Jazz 91.9 WCLK has announced the passing of longtime announcer John “Jay” Edwards, who succumbed to illness on Tuesday. Edwards served as the host of “Jazz Tones,” every Sunday afternoon from 3–6 p.m., where he dedicated his time to showcasing Jazz from its evolution until now.
On many occasions, Edwards would turn his Sunday afternoon timeslot into a talk studio where he interviewed hundreds of Jazz musicians who released new music and or were about to go on tour in Atlanta or around the world.
“Jazz 91.9 WCLK is saddened by the loss of our dear friend and colleague John “Jay” Edwards, who passed away on Tuesday, May 12, after a lengthy illness,” said Wendy Williams, general manager, Jazz 91.9 WCLK. “An ardent jazz curator and art lover, Jay had been part of the WCLK family for more than 20 years.
“(Edwards) was our ‘Jazz of all Trades,’ and one of our most revered spokespersons for the music and more,” Williams added. “Jay availed himself for the cause of WCLK without hesitation. He was our friend and colleague with whom we loved to laugh, debate and just enjoy, whenever he was around.”
Edwards’s love and engagement for spreading the gospel of Jazz stretched beyond the airwaves, Williams said. “He loved representing the station as a Jazz educator and would host Jazz chats at venues across Atlanta.”
Over the years, Edwards was also sought out to host several of the Jazz stages during the annual Atlanta Jazz Festival. He was also a regular attendee of the Jazz Education Network conference (Jazz Congress) each year, faithfully. Further, he nurtured contacts with the Jazz labels and journals to ensure WCLK’s Jazz library was well serviced.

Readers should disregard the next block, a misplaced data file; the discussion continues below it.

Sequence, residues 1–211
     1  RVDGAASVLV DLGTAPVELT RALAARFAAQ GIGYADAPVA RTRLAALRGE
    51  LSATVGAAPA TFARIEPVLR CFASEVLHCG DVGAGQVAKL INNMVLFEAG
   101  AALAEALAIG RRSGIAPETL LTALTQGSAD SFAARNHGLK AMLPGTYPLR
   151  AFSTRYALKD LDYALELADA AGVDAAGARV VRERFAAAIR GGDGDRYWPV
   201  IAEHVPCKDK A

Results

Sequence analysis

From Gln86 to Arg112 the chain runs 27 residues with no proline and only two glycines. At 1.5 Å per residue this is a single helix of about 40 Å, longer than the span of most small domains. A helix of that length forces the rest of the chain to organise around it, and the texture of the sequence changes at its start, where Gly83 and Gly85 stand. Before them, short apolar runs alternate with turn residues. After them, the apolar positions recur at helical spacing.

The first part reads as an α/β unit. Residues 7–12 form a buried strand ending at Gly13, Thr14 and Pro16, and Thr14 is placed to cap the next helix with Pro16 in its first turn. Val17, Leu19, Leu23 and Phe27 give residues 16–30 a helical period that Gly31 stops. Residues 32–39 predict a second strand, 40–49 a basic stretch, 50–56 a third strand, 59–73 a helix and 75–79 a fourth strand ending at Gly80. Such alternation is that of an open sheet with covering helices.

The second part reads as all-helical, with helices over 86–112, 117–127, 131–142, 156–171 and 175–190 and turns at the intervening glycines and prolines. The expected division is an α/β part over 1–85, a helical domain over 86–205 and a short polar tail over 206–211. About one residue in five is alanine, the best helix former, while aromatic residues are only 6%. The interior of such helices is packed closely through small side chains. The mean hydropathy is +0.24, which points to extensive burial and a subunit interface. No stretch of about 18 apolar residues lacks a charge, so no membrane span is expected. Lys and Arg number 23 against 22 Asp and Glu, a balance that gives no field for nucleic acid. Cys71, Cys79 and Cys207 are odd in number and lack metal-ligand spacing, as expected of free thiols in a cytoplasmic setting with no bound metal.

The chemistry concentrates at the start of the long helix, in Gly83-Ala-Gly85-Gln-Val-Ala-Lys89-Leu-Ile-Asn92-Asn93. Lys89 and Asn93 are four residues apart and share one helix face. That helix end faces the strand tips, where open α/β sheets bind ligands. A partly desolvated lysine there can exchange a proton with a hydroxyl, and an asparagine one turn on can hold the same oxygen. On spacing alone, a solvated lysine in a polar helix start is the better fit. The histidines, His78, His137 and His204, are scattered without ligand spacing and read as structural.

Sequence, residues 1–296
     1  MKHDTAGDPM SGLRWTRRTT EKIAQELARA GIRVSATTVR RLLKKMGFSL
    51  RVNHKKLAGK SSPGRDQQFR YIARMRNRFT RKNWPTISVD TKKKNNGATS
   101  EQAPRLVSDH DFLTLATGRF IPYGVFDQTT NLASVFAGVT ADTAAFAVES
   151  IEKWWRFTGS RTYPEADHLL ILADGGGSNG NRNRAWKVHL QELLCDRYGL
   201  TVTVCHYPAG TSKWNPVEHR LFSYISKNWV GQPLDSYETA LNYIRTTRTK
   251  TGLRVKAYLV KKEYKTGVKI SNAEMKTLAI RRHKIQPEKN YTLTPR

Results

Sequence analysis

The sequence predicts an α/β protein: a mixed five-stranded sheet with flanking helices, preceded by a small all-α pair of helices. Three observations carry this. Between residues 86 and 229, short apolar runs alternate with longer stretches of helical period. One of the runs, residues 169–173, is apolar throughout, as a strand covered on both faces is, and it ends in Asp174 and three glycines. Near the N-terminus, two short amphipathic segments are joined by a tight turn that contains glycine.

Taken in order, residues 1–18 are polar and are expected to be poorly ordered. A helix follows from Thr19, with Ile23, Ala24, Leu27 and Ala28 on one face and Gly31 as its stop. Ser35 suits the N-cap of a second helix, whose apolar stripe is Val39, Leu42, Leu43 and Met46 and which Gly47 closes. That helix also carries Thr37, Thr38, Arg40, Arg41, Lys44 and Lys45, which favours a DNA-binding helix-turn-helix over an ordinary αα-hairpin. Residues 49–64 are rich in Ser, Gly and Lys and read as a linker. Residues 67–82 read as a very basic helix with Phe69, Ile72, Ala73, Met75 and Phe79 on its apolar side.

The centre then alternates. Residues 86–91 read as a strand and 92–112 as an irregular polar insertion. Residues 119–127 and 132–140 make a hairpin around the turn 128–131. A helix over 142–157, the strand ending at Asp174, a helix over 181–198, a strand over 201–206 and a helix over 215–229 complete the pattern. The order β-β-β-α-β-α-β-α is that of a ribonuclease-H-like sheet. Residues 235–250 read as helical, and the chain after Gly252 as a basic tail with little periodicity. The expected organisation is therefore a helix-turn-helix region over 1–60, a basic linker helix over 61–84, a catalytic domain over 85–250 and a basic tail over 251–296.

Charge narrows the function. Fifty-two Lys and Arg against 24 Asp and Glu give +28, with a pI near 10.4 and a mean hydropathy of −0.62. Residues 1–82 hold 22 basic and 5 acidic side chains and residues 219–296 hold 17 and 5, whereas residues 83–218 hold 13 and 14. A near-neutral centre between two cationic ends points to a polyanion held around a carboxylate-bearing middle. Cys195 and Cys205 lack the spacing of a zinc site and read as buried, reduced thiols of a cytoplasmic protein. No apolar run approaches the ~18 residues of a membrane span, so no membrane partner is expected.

“It was an honor to work with (Edwards) when I was asked to join WCLK as program director,” said David C. Linton. “I was excited about the opportunity to work with someone of Jay’s stature. We hit it off immediately finding a bond with us both being from New York City.
“However, our love for music, especially Latin Jazz made the bond stronger,” Linton added. “I called him the ‘Elder Statesmen of Jazz.’ He was always ready to step up for Jazz and WCLK. He made my job so much easier and I’ll miss his hearty laugh and friendship.”
In the last decade alone, Jay interviewed luminaries including Etienne Charles, Joey Alexander, Ted Nash, Stefon Harris, Kevin Bales, Mark Winkler, David Sanchez, Joe Jennings, Cheryl Benteen, Alan Harris, Lao Tizer, Dr. Lonnie Smith, Michelle Coltrane, Don Was, Cecile McLorin Salvant, Jazzmeia Horn, Christian Sands, Eddie Palmieri, Carmen Lundy, Vijay Iyer, George Cables, Steve Turre, Azar Lawrence, Freddy Cole, Dee Dee Bridgewater, Arturo Sandoval, Christian McBride, Allan Toussaint, Lenny White, Joe Chambers, Ahmad Jamal, Wayne Shorter, Earl Klugh, Jonathon Butler, and Amiri Baraka.
Cards and expressions can be mailed to Edwards’s daughter and the family: c/o Loren Edwards, 2120 Southwood Boulevard, Unit 337, Atlanta, GA 30331.